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Behold Samsung's "iPad" - Made in 2006

Who copied who?

Published onAugust 13, 2011


This photo frame was launched by Samsung in 2006, and if you wouldn’t know better, you’d probably think it’s an iPad, or at least a tablet that strongly resembles it. But wait a minute. If this product came out in 2006 – does that mean it’s this product that looks like an iPad, or is it the iPad that looks like this product? Does that mean Apple copied Samsung’s innovation? Should Samsung ask for injunctions on iPads all over the world now because it has the same “look and feel” as their photo frame?


Granted, they are not in the same market. The iPad is a “tablet”, while this is a “photo frame”, but it can store photos, music and movies, as well, so the similarities don’t end at just looking the same. Legally, it might not even matter if they are in different markets. I remember when Apple had to settle with Cisco for the name “iPhone”, even though Cisco was using the name for a completely different market than smartphones. So how can Apple put an injunction on the Galaxy Tab because it looks similar to the iPad, if both look like this product made by Samsung, no other, in 2006? Does Apple really own the “look and feel” of tablets then, or does Samsung?

The Patent Fantasy World

I’ve argued a couple of days ago how silly it is that the patent law (and even some judges) think it’s ok to legally block competitors from competing with your product just because their products are “similar”.

Being “similar” is what defines an entire product category. Without some kind of similarity, we wouldn’t have “tablets” we’d have just “tablet. We wouldn’t have “fridges”. We’d just have “fridge”, and so on. Entire markets would be defined by just one unique product alone.  That means there wouldn’t be any “direct” competition. One company would have the monopoly over that product category in every market. Prices would be higher, and the progress for that type of product would be a lot slower, since there would be nobody offering a similar product. If everyone enforced their patents on all their competitors, and “justice” regarding this would be made swiftly, that’s exactly the type of world we would live in. And all because the patent system is so broken, and doesn’t account for how things work in the real business world.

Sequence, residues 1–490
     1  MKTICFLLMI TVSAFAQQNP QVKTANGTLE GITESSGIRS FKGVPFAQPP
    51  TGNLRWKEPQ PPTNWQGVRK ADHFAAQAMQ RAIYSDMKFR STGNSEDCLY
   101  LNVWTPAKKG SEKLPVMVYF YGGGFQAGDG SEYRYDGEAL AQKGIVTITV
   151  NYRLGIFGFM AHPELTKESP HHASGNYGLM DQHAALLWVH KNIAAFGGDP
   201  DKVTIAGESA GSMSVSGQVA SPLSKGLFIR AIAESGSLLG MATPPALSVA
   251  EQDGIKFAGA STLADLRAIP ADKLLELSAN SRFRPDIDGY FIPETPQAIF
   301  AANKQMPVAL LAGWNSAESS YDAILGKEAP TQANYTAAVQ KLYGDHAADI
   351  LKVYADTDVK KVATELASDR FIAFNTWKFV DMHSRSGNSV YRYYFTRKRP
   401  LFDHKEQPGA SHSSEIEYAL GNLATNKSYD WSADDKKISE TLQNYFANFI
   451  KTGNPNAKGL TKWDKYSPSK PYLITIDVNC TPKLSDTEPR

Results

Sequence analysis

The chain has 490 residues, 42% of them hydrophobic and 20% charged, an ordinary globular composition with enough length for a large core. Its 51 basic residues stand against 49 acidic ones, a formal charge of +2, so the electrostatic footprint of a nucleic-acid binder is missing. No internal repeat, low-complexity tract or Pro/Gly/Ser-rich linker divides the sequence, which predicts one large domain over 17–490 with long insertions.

Back to the Real World

Fortunately, for the most part, the business world doesn’t work like that. Competitors copy each other’s features all the time and they don’t even bother suing each other (even though they could, as long as they own the patents). This ends up making the progress of their products a lot faster. They *need* to stay always one step or two ahead of each other in different features, so people can still prefer them over the others. But they all copy the basic features and concepts from each other, and then they just compete on “new” innovations and differentiating factors. The prices also drop because everyone overs pretty similar products, and the quality keeps getting up. Consumers win.

But in some markets (tablet market) some competitors (Apple) will actually try to enforce their patents to block their competitors from even competing with them. The only reason that fantasy patent world I mentioned earlier doesn’t really exist is because the patents are not enforced as much as they could be by companies. But Apple seems to be trying their best to make that patent fantasy world become real, and if they succeed, all customers will be at a loss for lack of choices for “similar” products. And that includes Apple customers, because everyone loses when there’s less competition for a type of product.

Oh, and as a bonus check out this other “iPad” made 17 years ago, which I found thanks to a commenter of ours (AppleFUD).

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